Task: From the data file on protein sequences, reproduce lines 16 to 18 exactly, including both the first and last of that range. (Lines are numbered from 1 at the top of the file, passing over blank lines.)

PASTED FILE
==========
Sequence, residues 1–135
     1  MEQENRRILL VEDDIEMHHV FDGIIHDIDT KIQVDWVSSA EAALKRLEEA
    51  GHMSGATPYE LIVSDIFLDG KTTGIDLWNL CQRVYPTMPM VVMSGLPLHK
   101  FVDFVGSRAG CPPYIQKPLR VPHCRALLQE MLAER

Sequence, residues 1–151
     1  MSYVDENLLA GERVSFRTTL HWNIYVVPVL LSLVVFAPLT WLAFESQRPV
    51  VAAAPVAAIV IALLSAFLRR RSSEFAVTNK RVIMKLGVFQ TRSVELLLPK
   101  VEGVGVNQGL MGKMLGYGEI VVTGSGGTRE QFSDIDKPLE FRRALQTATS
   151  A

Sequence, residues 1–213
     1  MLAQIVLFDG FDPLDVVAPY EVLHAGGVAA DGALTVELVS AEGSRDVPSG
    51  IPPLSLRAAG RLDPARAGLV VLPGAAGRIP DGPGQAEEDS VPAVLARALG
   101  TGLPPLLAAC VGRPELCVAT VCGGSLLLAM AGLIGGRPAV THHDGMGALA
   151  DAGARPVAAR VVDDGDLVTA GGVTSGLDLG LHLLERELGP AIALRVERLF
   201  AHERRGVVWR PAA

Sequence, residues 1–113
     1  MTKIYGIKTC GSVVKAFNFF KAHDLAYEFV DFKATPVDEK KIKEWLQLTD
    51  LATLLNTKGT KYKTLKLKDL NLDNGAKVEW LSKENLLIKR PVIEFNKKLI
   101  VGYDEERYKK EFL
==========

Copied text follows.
Sequence, residues 1–113
     1  MTKIYGIKTC GSVVKAFNFF KAHDLAYEFV DFKATPVDEK KIKEWLQLTD
    51  LATLLNTKGT KYKTLKLKDL NLDNGAKVEW LSKENLLIKR PVIEFNKKLI